“My objectives is to grown in the event and get the title. Let’s start with a tough and focused work. It won’t chance anything in my life, I’m always serious and go to any event to win. My goal is to fight for the belt and do my best”, said the athlete, that analyzed the champion, Urijah Faber.

“Faber is the best of the world now. To beat him, I think you have to be in a good shape. He’s an expert fighter and he has a good gas, it’s complicated to beat a guy like him. You have to set a good game plan and be calm and watch the elbows, because if you hits you can change a whole fight.”

Well, I’m officially confused. Either Fabiano is planning to drop down to 135 pounds and the remarks about Faber were just for kicks, or Tatame has it wrong and he’s really signing on as a featherweight. With the WEC hurting for challengers to Faber’s throne, the latter seems more likely.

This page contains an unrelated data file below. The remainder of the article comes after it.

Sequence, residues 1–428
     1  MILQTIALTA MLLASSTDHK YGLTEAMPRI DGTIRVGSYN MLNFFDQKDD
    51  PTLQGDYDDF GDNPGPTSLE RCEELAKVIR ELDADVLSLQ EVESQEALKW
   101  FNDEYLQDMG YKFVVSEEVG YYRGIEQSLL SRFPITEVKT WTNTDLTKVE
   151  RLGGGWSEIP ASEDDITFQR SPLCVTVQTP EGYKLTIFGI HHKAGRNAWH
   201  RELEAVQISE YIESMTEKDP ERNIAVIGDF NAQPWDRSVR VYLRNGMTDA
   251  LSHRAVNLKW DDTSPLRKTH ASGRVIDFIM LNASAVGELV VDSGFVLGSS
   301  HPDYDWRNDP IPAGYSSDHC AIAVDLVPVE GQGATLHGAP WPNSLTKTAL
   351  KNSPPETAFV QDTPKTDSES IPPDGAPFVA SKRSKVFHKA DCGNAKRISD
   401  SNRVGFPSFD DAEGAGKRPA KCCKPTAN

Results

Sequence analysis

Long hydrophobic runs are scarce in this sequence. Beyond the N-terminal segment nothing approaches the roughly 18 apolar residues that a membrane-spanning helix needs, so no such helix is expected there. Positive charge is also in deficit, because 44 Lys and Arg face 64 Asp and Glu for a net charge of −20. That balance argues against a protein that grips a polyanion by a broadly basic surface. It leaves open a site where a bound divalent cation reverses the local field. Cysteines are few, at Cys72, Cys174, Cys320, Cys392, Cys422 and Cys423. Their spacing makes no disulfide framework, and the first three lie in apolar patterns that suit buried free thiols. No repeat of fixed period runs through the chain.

- In other news, MMA Rated reports that the KJ Noons-Nick Diaz bout that Elite XC had hoped to add to their October 4 event on CBS is now officially off. Elite XC VP Jared Shaw said the organization was unable to come to terms with Noons’ agent, Mark Dion, and added that throughout the entire process no one from Elite XC was able to personally speak with Noons. Shaw said they wouldn’t be stripping Noons of the lightweight title just yet, but expressed hope that he would “wake up and smell the Hawaiian coffee.” That’s the kind of remark that should convince him to come around.